Elizabeth O'Brien

Hello! I'm Elizabeth O'Brien, and my goal is to get you jazzed about grammar. 

Let's diagram a
sentence together!

(Winston Churchill)

You know that I love diagramming sentences, and today we'll be diagramming a sentence together. Here we go!

I'm using a free account on www.letsdiagram.com to make this diagram.

"A pessimist sees the difficulty in every opportunity;

an optimist sees the opportunity in every difficulty."

- Winston Churchill 

If you already know how to diagram, go ahead and try diagramming this sentence. If you'd like some assistance along the way, watch the video or check out the steps below. I'll include links to other lessons so that you can easily learn about each part of the sentence. 

Step 1: Identify the structure of the sentence along with the subjects and verbs.

A sentence's structure tells us how many independent and dependent clauses it contains. Once we know this, we'll know how to structure our sentence diagram. This is a compound sentence. It contains two independent clauses that are joined with a semicolon. 

Next, we need to identify the subject and verb in both of the clauses. If the verb has a complement (such as a direct object), we'll identify that as well. 

Diagram these parts of the sentence. This information gives us the "bones" of the sentence.

sentence diagram

A pessimist sees the difficulty in every opportunity = independent clause #1

pessimist = subject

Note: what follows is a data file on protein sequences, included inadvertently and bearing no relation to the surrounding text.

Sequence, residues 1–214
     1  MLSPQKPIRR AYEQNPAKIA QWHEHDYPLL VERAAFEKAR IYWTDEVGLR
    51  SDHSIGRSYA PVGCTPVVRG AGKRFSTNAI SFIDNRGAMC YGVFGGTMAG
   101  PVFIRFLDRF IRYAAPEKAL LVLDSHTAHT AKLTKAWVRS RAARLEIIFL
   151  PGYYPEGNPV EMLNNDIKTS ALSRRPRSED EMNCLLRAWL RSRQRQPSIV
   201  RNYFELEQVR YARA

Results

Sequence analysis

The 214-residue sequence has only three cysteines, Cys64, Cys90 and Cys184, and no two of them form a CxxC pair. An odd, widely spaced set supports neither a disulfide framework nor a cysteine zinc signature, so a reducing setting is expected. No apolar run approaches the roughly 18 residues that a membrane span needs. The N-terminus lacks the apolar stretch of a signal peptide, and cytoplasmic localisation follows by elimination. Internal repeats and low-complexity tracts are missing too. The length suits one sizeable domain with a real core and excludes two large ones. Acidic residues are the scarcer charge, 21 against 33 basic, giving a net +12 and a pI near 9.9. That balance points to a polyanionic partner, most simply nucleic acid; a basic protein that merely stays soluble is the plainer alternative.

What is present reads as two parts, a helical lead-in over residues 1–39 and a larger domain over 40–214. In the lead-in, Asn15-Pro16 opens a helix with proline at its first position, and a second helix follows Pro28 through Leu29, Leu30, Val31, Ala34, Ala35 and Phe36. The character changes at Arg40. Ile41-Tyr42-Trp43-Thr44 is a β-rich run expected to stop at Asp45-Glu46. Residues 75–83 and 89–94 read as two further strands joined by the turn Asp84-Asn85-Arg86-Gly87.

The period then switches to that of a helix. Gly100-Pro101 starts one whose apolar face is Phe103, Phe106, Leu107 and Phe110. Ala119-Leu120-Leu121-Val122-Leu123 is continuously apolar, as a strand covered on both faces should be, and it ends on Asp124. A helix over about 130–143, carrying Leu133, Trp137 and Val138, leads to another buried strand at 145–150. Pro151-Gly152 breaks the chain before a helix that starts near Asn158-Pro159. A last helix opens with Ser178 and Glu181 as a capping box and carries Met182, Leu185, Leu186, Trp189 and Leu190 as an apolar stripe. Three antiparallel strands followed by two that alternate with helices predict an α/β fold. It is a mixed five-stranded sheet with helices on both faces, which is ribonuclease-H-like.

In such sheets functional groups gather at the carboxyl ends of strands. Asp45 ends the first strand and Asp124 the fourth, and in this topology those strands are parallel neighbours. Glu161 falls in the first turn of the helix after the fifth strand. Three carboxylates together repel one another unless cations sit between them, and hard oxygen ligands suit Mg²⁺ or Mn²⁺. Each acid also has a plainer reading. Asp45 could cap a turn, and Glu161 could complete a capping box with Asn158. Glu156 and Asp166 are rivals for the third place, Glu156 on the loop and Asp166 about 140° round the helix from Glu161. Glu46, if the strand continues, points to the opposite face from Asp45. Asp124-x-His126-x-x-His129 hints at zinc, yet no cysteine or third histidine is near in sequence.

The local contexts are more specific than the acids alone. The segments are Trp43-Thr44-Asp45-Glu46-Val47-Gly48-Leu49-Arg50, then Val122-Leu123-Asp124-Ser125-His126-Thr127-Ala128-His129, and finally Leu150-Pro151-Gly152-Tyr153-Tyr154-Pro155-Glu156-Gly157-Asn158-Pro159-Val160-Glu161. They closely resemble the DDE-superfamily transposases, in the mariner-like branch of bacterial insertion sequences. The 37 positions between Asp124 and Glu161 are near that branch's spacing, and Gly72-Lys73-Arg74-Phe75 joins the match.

sees = verb (transitive active) 

difficulty = direct object (noun)

(x) = This symbol in the sentence diagram shows us that the two independent clauses are not connected with a coordinating conjunction, but with a semicolon.

an optimist sees the opportunity in every difficulty = independent clause #2

optimist = subject

sees = verb (transitive active) 

opportunity = direct object (noun)

Step 2: Identify the adjectives and adverbs in the first clause.

Adjectives tell us more about nouns and pronouns. Adverbs tell us more about verbs, adjectives, and other adverbs.

The first clause has two adjectives and no adverbs. 

We'll diagram the two adjectives under the words that they are modifying.

sentence diagram

A = adjective modifying pessimist

the = adjective modifying difficulty

Step 3: Identify the prepositional phrases in the first clause.

Prepositional phrases begin with a preposition and end with a noun or pronoun. The first clause has one prepositional phrase (in every opportunity). We'll diagram it under the word that it is modifying.

sentence diagram

in every opportunity = prepositional phrase 

Step 4: Identify the adjectives and adverbs in the second clause.

The second clause has two adjectives and no adverbs. We'll diagram the adjectives under the words that they are modifying. 

sentence diagram

an = adjective modifying optimist 

the = adjective modifying opportunity

Step 5: Identify the prepositional phrases in the second clause.

The second clause has one prepositional phrase. We'll diagram it under the word that it is modifying.

sentence diagram

in every difficulty = prepositional phrase 

Our Final Sentence Diagram

"A pessimist sees the difficulty in every opportunity;
an optimist sees the opportunity in every difficulty."

sentence diagram
Elizabeth O'Brien from Grammar Revolution

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September 18, 2018

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Elizabeth O'Brien

Elizabeth O'Brien is the creator of Grammar Revolution.

Her lessons are guaranteed to give you more confidence in your communication skills and make you smile. :)